Far from the light pollution of cities at an altitude of 7,200 feet, Yosemite's Glacier Point is one of the best star-gazing spots in the country, astronomer Morris Jones explains in this episode of Yosemite Nature Notes. The web series, funded by the Yosemite Conservancy, celebrates the national park which is 122 years old this month. In the latest episode, filmmaker and former park ranger Steve Bumgardner talks to astronomers and photographers about why Yosemite's views of the Milky Way are so spectacular. About five minutes into the video, he shoots a time-lapse of a time-lapse in progress, capturing a landscape as the moon rises. It's a rare behind-the-scenes look at how some of these amazing videos are made. Bumgardner discusses the series and what it's like to be the official documentary filmmaker of a place like Yosemite in an interview below. 

The Atlantic: How did you get into shooting nature videos?

Steve Bumgardner: As a kid, I was always interested in photography and filmmaking, but back in the days of real film, those hobbies were kind of expensive. After I left college, I came out west and started working as a guide and Park Ranger in Sequoia National Park, shooting lots of slide film on my trusty old Nikon FM camera. Once the digital video revolution took hold in the late '90's, the tools and techniques had become much cheaper, so I bought some gear and began to switch over from Park Ranger to filmmaker.

Working for Yosemite seems like a dream job. How did you get involved?

I'd made a few films in Sequoia National Park about caves, bears, and illegal marijuana cultivation, so when a video production job opened up in Yosemite, I jumped at the opportunity. Originally, I produced Yosemite Nature Notes as a National Park Service employee, but now I work as a freelancer with a grant from the non-profit Yosemite Conservancy. People often say that I have the coolest job in the world, and I usually agree!

What inspired the “Night Skies” episode of the series? 

I've lived in the mountains for over 20 years, so I'm pretty used to seeing a night sky full of stars, but whenever one of my friends from urbanity would visit, they'd be blown away by what they could see at night. I realized that most folks have no idea what a dark night sky really looks like, and even when people camp in places like Yosemite or Sequoia, many of them spend the evening hours staring into a campfire instead of looking up at the stars. 

Another inspiration for the “Night Skies” episode is that fact that I couldn't have made this video five years ago, because the camera technology just wasn't there yet. It's only been in the past few years that these new digital cameras have been light sensitive enough to shoot time-lapse of the Milky Way, with exposure times of ten to thirty seconds as opposed to the several minutes that it took before. In a few years, we might even be able to shoot the night skies in real time instead of time lapse!

What are some of the challenges of shooting in a natural environment like Yosemite?

The time-lapse sequences for this “Night Skies” episode were shot over three summers, and I spent a total of about 30 nights to get all of this footage. I love exploring the mountains, in particular my beloved Sierra Nevada, so it's not a big deal for me climb 13,000-foot mountains or rappel off of 3,000-foot cliffs to get a shot. I'm totally comfortable in the natural world, and I have spent many weeks alone in the wilderness. Yosemite is such a beautiful place that the biggest challenge I have is in deciding which amazing thing to shoot! I'm a bit of a lighting snob, so I will often wait days, or weeks, or even years, to be in the right place at the right time. Of course, Yosemite is also very popular, so I spend a fair bit of time trying to keep people, cars and airplanes out of my shots, which was hard to do for all these night time lapse-sequences. There's a LOT of air traffic over Yosemite!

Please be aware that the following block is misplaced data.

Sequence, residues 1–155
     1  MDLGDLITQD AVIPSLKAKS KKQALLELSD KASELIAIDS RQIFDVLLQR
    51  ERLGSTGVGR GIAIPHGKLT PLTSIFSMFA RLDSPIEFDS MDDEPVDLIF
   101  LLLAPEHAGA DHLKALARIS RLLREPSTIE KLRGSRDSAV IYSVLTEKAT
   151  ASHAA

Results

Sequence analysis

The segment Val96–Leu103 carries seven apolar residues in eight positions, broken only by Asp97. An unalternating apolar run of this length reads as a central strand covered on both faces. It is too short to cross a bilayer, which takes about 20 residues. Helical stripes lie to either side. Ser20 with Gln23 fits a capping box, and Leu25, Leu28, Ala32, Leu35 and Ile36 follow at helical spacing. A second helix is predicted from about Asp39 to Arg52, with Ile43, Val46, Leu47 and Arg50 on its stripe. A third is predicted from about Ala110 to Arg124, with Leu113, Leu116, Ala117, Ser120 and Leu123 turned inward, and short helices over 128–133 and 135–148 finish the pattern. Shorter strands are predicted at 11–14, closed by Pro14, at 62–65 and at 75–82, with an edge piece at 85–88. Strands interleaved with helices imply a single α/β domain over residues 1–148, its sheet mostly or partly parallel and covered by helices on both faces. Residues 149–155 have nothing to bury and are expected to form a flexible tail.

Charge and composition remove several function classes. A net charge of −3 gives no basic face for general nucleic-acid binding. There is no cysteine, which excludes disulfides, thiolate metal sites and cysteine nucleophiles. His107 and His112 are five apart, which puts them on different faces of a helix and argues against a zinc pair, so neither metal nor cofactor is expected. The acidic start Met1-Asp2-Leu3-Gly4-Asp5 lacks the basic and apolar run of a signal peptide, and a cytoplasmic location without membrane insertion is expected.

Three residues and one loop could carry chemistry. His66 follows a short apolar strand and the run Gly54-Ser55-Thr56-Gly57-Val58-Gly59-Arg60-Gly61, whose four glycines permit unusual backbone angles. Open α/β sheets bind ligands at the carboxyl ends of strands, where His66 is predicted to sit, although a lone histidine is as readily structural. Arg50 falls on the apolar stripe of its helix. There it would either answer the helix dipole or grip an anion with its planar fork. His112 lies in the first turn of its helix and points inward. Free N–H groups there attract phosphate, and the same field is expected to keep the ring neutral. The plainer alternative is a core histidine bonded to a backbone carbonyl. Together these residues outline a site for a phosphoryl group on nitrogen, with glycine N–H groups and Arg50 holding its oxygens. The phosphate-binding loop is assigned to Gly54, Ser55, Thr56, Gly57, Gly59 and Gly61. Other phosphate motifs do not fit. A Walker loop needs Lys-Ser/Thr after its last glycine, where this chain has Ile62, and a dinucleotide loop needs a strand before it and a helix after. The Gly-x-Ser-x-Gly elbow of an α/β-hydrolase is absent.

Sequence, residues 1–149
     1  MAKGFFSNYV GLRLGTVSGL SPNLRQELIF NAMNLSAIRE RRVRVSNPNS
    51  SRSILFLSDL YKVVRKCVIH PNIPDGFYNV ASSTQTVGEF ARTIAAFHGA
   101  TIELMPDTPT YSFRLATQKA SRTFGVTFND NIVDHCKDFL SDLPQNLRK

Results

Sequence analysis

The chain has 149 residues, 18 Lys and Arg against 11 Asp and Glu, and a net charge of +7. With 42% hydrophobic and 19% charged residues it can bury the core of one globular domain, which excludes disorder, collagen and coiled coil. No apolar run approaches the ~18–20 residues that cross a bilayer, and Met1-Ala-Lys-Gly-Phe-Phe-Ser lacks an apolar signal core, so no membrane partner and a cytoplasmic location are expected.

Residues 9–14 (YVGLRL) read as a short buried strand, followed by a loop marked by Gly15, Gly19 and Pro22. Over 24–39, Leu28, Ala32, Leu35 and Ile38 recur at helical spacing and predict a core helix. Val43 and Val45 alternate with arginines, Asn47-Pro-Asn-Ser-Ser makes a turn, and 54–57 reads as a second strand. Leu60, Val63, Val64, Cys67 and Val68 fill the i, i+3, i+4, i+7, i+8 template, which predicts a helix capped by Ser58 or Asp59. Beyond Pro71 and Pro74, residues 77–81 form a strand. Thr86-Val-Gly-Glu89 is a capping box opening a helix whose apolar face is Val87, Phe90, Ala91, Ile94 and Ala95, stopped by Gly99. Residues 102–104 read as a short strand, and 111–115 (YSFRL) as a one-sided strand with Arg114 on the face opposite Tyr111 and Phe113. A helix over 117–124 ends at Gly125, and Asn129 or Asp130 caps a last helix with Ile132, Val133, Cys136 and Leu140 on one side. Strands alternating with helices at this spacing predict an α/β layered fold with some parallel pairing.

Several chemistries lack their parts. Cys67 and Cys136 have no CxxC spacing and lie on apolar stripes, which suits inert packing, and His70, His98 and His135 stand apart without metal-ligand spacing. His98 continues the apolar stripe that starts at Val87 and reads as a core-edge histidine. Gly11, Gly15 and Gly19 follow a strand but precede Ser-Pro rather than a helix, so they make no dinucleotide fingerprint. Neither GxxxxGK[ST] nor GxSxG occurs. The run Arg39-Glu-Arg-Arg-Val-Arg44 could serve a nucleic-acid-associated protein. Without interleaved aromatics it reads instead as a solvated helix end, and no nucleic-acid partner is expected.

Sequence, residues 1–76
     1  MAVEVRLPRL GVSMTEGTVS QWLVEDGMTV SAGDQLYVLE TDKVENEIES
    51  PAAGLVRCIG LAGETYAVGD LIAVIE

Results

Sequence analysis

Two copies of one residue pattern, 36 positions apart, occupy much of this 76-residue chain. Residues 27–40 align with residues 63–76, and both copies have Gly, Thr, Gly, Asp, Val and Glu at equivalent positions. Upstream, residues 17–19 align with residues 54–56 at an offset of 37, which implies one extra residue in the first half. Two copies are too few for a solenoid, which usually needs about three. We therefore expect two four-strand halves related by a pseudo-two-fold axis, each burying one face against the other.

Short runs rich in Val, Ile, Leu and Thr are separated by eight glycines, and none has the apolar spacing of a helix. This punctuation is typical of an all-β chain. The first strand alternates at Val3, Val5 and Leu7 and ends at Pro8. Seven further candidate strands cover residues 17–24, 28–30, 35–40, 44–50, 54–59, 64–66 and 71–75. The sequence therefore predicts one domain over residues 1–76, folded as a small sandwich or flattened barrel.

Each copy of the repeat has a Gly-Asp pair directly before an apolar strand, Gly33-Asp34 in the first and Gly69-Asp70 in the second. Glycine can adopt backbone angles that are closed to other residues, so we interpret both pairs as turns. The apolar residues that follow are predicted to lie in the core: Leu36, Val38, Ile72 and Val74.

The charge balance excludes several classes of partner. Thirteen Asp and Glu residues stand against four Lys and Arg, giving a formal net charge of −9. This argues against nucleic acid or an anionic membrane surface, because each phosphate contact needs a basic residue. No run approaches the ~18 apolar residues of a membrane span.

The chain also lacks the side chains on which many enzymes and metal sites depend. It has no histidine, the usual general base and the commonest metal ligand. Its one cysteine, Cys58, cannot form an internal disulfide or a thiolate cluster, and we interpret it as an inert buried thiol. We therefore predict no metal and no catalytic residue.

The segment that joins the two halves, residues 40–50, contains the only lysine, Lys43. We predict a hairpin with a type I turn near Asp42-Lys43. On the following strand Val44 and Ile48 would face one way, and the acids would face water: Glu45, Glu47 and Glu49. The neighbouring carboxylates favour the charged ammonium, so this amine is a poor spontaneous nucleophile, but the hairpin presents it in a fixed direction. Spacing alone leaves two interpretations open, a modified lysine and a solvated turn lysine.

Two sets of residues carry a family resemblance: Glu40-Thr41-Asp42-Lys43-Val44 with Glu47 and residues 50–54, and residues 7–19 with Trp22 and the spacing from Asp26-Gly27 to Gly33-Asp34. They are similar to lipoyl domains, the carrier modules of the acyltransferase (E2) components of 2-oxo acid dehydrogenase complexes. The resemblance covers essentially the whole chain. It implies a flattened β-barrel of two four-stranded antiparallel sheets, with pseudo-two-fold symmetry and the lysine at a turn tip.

Did you expect to find such a big audience on YouTube? Are you a YouTube partner?

As a filmmaker, you want your work to be seen, so I'm pretty stoked that Yosemite Nature Notes has nearly 6 million views on YouTube, and that someone from every country in the world has watched an episode. I've had some other films play in visitor centers and theaters in National Parks, but to watch them, you have to be in those places. Even though Yosemite sees nearly 4 million visitors a year, there are many more people who just can't get there easily, especially if you live in the middle of Africa or South America or some other distant land. By using YouTube, iTunes and social media, Yosemite is connecting with millions of people all over the world, 24 hours a day. We only protect what we know and love, so I hope these viewers will become protectors and stewards of Yosemite and all of our National Parks.

What's next for you?

I just finished a new film about Pinnacles National Monument that will be coming out in a couple of months, and I've got a few irons in the fire for projects in some other National Parks. When I first started working in Yosemite, I would point to the video work that was being done in Yellowstone as a model for what all the National Parks should be doing to communicate with the world. They were really the first park to start producing these types of videos, so I'm pretty excited that I just signed a contract with Yellowstone to produce several new web videos for them, in addition to continuing my work on Yosemite Nature Notes.

For more episodes of Yosemite Nature Notes, visit the YouTube channel. 

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